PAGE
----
Before meeting the Borokii, the Jedi encounter a smaller tribe, the Yiwa, who invite them to stay for a meal and ask them to provide entertainment afterwards to show they are beings with souls. It’s a strange custom but one that affords Foster the opportunity to showcase the personalities of each Jedi. Obi-Wan recites a story – keeping his audience hanging on every word. Bariss uses her lightsaber training to perform a dance with her blade. Anakin sings a sad song he remembers from his childhood, and Luminara uses the Force to manipulate grains of sand flung to reflect light like grains of stained glass. It’s a quiet scene, but it’s the one that sticks with me the most after reading as informative of who each character really is.
Again before the Jedi reach the Borokii, they are stopped by the Qulun, a merchant tribe who ply them with gifts but secretly wish to kidnap them all to claim a bounty placed by Soergg the Hutt. The Jedi escape narrowly and finally reach the lands of the Borokii.
Despite weeks of travel, the Jedi quickly overcome yet another of the Alwari tests (this time to take a ruff of wool from an albino animal in the center of the tribe’s flock) and finally get to present their case to the Clan. The Borokii agree to the terms, but only if the Jedi help them to deal with their rival clan, the Januul. Clearly intending the Jedi to lead them in battle, the Borokii march on the Jenuul in force. The Jedi, however, stand between the two armies and prevent any hostilities. Any who try to harm another find their weapons cut down by lightsabers. Furious, both clans attack the Jedi, who defend themselves without once harming an attacker. Amazed, the two tribes finally sit down and talk with the Jedi and agree to merge into one larger Clan and bury their hatchets.
The Jedi return to the city to inform the Unity of their success, but Soergg has one final trick to play. His agents have convinced the council the Jedi are not going to return and a vote is being taken on secession even as the Jedi arrive in the city. They race to the government hall past assassins and snipers and arrive just in time to sway the vote in favor of the the Republic. Soergg feigns innocence but knows he will face consequences from his Separatist masters as the Jedi depart, mission accomplished.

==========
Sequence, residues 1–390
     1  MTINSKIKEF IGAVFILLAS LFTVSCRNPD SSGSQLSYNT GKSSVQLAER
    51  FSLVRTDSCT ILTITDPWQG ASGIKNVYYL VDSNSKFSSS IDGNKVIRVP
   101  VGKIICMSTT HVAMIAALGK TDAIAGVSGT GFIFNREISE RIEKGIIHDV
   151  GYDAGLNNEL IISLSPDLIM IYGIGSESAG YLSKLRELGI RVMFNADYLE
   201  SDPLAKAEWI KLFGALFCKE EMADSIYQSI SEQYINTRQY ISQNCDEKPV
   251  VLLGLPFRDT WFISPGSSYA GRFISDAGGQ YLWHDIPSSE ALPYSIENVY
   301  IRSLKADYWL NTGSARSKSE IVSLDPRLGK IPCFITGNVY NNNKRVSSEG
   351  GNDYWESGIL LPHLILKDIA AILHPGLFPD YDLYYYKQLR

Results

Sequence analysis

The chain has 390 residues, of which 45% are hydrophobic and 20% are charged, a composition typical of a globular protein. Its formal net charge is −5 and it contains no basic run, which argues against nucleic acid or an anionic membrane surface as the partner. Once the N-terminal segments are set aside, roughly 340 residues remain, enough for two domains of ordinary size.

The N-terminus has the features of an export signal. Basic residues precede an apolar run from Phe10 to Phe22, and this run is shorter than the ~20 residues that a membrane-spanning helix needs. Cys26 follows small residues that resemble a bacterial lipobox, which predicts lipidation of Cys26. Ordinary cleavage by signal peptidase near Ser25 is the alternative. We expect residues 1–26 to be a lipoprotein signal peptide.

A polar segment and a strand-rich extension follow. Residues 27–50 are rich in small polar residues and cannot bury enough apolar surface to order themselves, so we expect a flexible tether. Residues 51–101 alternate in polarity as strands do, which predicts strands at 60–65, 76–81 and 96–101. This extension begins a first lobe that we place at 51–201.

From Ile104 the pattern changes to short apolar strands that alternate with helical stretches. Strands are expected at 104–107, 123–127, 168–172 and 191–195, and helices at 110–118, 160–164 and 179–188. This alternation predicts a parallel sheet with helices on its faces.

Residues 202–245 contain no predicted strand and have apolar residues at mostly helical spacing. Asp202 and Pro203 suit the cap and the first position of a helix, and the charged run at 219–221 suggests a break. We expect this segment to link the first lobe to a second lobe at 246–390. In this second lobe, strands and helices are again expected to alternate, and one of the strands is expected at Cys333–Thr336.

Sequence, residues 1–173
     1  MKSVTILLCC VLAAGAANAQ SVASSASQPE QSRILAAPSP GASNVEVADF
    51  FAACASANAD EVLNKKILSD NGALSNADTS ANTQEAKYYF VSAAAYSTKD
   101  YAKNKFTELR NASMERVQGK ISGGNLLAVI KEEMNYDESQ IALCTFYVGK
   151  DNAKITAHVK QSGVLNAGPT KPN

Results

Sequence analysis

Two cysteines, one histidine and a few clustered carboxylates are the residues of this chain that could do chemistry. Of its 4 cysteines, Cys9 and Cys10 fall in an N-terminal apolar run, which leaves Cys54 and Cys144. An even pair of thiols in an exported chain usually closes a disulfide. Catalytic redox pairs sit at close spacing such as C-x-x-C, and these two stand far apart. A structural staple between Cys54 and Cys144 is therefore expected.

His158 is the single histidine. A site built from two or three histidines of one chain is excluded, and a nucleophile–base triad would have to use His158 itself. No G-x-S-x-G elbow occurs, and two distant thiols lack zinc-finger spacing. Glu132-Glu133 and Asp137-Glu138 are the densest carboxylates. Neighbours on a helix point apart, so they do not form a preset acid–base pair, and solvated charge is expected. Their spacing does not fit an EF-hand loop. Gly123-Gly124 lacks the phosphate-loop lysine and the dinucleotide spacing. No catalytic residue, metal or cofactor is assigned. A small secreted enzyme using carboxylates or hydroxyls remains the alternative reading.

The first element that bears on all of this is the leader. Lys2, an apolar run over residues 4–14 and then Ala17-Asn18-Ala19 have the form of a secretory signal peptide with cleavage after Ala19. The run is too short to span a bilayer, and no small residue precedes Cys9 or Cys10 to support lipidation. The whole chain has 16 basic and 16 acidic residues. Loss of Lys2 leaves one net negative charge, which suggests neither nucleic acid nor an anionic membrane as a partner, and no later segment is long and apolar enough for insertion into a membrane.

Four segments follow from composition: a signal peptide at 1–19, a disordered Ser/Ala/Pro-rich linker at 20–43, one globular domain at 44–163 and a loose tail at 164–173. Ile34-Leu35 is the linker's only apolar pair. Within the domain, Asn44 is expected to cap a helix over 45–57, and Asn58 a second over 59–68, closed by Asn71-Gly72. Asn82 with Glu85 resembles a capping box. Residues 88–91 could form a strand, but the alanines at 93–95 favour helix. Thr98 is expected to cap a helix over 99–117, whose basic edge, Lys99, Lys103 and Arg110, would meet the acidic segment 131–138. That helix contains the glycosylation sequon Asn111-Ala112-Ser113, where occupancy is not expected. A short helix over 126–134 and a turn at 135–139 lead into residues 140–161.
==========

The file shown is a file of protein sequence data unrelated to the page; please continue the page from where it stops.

The Approaching Storm breaks with tradition for Star Wars books, largely abandoning the familiar locales, species, even technologies of the setting in favor of some truly remarkable worldbuilding of its own. Ansion comes alive in these pages and feels like an expansive, real place instead of a simple backdrop for adventure. Cultures are fleshed out, creatures introduced, and locales detailed with such care that I leave this story with a much clearer picture of Ansion than many of the planets that have appeared on film over the years!
Also by way of breaking tradition, this novel feels tonally much more like an old-school fantasy novel than a modern Star Wars book. It didn’t surprise me to learn that Alan Dean Foster has been writing fantasy novels since the 70s, as a lot of tropes present here (the bandit attack in the markets, the kidnap by sack wielding hirelings, the long mounted journey into the wilderness) are mainstays of retro fantasy books. This is not to say I dislike their presence here, but it’s definitely one more way The Approaching Storm stands apart from much of the rest of Legends.
It took me a while of reading to put my finger on, but I eventually realized that the biggest way The Approaching Storm feels out-of-step tonally is in its vocabulary. Nearly everyone in this books speaks I a very formal, highly educated way, even Bulghan and Khaykta. For example, when speaking of the task ahead, Obi-Wan reflects “It’s getting these innumerable, fractious, quarrelsome nomads who call themselves the Alwari to abide by the proposed terms that concerns me.” And later Anakin responds to a point Barriss makes my commenting that she “argue[s] plausibly.” It’s just strange, as if everyone signed up for intensive vocabulary improvement classes just before the book. I suspect it’s another hold over of Foster’s fantasy roots, since this sort of language is more common in such novels.
I can’t honestly say this was my favorite Legends book we’ve read, primarily because it just doesn’t really feel like a Star Wars book from a tone standpoint, but as a stand alone novel it’s quite a fascinating look at a highly detailed and thought out world. I’d read more about Ansion even without the Jedi involved. If you like retro fantasy, this one’s definitely for you.
Next week we’ve arrived at Attack of the Clones! Stay tuned to see if the romantic dialogue can be saved or if it’s just as painful in novel form!